What’s in the news?
- Recently, Punjab Chief Minister Captain Amarinder Singh declared Malerkotla the 23rd district of the State.
How are new districts carved?
- The power to create new districts or alter or abolish existing districts rests with the State governments. This can either be done through an executive order or by passing a law in the State Assembly.
- Many States prefer the executive route by simply issuing a notification in the official gazette.
How does it help?
- States argue that smaller districts lead to better administration and governance. For example, in 2016, the Assam government issued a notification to upgrade the Majuli sub-division to Majuli district for “administrative expediency”.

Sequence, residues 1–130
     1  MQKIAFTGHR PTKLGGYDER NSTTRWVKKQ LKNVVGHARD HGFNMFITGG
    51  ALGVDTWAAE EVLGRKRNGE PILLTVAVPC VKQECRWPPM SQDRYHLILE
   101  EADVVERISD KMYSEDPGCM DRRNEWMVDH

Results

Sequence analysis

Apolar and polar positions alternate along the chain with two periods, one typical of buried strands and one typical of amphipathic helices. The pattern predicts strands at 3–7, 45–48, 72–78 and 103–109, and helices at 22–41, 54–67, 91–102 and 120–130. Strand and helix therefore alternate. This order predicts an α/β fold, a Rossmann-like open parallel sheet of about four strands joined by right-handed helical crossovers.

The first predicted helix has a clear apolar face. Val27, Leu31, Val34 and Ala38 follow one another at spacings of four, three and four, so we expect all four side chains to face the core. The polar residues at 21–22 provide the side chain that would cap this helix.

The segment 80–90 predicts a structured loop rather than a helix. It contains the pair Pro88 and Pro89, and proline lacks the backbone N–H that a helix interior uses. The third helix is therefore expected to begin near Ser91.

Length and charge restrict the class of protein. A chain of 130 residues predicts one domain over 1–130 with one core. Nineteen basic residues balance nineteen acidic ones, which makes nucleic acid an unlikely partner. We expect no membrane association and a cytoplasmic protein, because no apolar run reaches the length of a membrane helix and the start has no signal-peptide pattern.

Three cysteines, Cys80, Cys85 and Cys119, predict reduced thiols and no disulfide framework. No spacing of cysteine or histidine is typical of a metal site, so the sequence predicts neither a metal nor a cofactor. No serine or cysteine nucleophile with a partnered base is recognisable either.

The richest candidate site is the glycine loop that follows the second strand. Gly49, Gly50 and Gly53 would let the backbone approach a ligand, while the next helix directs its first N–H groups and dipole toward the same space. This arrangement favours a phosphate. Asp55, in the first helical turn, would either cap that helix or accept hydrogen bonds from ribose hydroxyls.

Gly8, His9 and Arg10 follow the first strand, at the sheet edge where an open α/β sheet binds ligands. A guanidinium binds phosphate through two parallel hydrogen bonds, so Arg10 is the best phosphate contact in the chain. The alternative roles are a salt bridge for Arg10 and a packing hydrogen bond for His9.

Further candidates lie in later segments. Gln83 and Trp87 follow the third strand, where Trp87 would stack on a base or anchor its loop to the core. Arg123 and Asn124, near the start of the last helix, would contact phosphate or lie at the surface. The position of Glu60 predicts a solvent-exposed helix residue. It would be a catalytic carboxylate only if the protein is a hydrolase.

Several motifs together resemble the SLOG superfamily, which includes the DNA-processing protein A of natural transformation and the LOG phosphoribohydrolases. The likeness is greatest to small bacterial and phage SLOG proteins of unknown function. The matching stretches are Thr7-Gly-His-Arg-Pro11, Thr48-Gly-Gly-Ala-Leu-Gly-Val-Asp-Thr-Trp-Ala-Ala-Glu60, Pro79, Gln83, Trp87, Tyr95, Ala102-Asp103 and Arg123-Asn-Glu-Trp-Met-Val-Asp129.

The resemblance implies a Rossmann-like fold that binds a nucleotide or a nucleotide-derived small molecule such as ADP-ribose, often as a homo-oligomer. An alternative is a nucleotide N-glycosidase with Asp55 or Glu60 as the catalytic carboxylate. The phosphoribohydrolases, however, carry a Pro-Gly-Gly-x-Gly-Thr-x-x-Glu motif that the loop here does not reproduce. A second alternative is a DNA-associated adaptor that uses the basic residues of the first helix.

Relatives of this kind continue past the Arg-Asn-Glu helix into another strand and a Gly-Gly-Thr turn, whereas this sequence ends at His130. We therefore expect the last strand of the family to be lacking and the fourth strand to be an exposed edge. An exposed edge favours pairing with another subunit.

Does the Central government have a role to play here?
- The Centre has no role to play in the alteration of districts or creation of new ones. States are free to decide. The Home Ministry comes into the picture when a State wants to change the name of a district or a railway station.
- The State government’s request is sent to other departments and agencies such as the Ministry of Earth Sciences, Intelligence Bureau, Department of Posts, Geographical Survey of India Sciences and the Railway Ministry seeking clearance.
- A no-objection certificate may be issued after examining their replies.
What has been the trend?
- According to the 2011 Census, there were 593 districts in the country. The Census results showed that between 2001-2011, as many as 46 districts were created by States.
- Though the 2021 Census is yet to happen, Know India, a website run by the Government of India, says currently there are 718 districts in the country. The surge in number is also due to bifurcation of Andhra Pradesh into A.P and Telangana in 2014. Telangana at present has 33 districts and A.P has 13 districts.